Originally Posted by Bobby_M
I received my Crankandstein barebones earlier than expected so I'm in a mad dash to design a suitable hopper. I've seen the designs using wood, which I'll fall back on if I can't figure something else out. Let me see your DIY hoppers.
I was thinking about grabbing an HVAC duct fitting of some sort and modifying it, but I do have some light gauge aluminum flashing 12" wide to work with also.
The givens right now are:
It's being top mounted to a piece of 1/2" MDF that will sit on top of a bucket. Obviously it will have a rectangular opening the length and width of the rollers to allow the grist to drop.
In general, how large of an opening do you guys usually make for the grain feed as compared to the roller size. The Crank uses 5" long x 1.5"D rollers. I'd assume the feed slot should be a little shy of the roller length, like maybe a 3" long slot to keep grain frags from fouling up the ends. I think I also read that some have used a water bottle turned upside down with the bottom cut off as a funnel style hopper. I suppose drilling a large hole in a 2x4 would work as a mount.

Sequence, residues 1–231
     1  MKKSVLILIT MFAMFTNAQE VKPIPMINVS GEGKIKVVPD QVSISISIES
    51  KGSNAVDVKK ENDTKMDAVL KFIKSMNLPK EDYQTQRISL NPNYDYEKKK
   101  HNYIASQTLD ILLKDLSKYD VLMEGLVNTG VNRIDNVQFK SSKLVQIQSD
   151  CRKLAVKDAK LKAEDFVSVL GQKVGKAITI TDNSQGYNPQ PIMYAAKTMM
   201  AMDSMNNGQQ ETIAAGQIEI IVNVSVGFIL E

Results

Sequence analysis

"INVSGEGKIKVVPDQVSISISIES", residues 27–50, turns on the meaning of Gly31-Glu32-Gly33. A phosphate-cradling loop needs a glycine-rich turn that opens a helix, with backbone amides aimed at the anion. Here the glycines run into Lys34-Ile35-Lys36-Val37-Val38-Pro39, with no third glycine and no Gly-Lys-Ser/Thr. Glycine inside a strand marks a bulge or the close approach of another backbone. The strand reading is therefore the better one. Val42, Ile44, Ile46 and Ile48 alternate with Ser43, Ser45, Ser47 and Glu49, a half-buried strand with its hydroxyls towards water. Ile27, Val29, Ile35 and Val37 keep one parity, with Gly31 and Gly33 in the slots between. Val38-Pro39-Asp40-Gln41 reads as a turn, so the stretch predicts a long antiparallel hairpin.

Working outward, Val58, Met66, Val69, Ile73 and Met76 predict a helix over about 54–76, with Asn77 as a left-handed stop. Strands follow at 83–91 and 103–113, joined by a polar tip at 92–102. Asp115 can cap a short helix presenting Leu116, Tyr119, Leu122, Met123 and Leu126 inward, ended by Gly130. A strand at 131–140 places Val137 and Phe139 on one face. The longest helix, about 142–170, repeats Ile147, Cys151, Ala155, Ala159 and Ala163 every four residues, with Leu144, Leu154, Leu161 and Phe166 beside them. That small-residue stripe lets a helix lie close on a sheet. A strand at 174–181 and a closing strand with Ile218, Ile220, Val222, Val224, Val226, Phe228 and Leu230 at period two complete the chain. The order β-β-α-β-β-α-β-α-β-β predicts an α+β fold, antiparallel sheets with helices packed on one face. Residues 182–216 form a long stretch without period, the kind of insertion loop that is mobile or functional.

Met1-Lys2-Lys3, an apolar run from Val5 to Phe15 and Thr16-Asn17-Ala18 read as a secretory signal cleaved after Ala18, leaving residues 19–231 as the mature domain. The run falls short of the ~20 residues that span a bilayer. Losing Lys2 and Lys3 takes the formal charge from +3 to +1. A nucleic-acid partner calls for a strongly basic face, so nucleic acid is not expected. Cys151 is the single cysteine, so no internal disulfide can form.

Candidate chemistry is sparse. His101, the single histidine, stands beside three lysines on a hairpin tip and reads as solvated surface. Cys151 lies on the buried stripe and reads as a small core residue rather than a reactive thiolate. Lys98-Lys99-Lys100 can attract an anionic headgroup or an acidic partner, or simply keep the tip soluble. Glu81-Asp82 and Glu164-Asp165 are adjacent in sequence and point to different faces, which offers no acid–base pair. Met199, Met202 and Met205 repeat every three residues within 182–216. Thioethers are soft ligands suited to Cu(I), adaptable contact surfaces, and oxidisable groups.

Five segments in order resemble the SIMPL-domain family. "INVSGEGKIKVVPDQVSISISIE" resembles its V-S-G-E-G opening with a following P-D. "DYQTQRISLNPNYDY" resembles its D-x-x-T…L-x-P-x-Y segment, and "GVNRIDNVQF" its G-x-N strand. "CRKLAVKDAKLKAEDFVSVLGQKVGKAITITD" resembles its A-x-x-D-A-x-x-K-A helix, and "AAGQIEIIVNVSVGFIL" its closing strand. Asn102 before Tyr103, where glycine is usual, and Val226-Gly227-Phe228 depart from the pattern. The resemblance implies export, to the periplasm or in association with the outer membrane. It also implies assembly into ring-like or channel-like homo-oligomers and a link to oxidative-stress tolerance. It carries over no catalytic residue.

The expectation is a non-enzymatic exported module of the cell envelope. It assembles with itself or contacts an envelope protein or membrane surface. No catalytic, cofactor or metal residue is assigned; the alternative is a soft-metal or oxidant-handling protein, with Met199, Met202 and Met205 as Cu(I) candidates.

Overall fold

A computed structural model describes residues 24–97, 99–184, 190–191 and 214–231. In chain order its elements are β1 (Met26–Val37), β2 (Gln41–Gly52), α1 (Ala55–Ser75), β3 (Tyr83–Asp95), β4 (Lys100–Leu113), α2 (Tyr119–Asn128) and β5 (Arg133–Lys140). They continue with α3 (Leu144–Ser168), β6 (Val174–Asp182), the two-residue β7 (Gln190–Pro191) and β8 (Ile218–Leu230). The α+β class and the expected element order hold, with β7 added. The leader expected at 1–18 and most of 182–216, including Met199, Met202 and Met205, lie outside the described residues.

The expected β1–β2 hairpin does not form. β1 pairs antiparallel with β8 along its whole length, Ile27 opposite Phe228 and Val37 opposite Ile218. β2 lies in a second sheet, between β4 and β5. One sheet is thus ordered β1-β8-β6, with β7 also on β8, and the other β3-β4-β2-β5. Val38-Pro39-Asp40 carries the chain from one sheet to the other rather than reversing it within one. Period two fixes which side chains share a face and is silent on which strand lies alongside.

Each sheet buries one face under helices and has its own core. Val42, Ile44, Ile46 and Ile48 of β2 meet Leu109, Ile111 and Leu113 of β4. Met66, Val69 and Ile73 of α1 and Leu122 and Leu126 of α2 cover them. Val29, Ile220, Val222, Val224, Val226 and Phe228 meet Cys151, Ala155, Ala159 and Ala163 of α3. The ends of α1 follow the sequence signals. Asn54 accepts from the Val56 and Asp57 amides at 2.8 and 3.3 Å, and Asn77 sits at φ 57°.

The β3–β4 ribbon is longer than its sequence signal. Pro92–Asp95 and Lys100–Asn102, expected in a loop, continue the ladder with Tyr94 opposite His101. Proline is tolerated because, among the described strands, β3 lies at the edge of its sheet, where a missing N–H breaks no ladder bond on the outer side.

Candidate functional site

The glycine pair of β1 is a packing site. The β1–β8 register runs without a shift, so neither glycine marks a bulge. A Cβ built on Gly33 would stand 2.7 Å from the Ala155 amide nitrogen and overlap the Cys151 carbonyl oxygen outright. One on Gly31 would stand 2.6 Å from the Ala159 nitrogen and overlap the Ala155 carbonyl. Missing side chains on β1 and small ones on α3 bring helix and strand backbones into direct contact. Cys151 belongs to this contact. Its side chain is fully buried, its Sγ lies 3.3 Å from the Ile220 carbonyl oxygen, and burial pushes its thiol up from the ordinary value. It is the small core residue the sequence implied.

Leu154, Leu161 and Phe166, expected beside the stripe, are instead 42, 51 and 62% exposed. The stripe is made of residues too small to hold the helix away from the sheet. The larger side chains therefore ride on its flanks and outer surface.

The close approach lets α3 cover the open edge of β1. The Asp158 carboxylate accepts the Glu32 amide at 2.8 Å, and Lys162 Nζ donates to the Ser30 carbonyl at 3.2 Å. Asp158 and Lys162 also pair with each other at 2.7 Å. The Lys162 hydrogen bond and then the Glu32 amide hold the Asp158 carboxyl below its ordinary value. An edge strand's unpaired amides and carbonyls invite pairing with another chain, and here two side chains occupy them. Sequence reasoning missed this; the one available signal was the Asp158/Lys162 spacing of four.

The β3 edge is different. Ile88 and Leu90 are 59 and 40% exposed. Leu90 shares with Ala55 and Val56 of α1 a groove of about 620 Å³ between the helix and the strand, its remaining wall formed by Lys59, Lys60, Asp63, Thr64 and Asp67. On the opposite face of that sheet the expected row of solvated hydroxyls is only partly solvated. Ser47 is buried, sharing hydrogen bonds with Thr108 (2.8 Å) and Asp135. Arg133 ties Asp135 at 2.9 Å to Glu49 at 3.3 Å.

I also fancy the idea of using some 1/4" acrylic sheet to make a see-through hopper.
How many of you folks also enclose the sides? It seems it would help to control dust to have the entire operation sealed.
I made a very proto-type out of scrap MDF and OSB that I had lying around. Check out the design in my gallery. It isn't anything special but works so far. I've got the hardwood pieces ready to plan and surface to make something similar but I will be changing my proto-type design to allow for an electric motor and pulley but those changes will only affect the table design. This was a quick 30 minute job just to see where the flaws in the design are. After I finish my hardwood design I'll post a picture and any comments that might help others.
My desire was to find a large, metal funnel and simply attach that to the top of the mill, I just couldn't find a large enough funnel for less than $20.
As far as the side, I used the thinnest OSB I could find and simply slid them into place as I assembled the hopper and base. I cut them out of cardboard first to make sure everthing fit. I removed the lock set screws and just place them and used the base to hold them in place. No dust other than what comes out of the hopper itself.